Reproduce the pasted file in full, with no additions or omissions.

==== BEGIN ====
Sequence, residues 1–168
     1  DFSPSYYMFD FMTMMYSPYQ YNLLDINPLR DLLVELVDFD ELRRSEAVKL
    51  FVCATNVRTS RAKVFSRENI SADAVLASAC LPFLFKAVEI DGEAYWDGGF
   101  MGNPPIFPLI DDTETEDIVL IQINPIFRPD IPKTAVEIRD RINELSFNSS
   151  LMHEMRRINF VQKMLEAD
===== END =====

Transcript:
Sequence, residues 1–168
     1  DFSPSYYMFD FMTMMYSPYQ YNLLDINPLR DLLVELVDFD ELRRSEAVKL
    51  FVCATNVRTS RAKVFSRENI SADAVLASAC LPFLFKAVEI DGEAYWDGGF
   101  MGNPPIFPLI DDTETEDIVL IQINPIFRPD IPKTAVEIRD RINELSFNSS
   151  LMHEMRRINF VQKMLEAD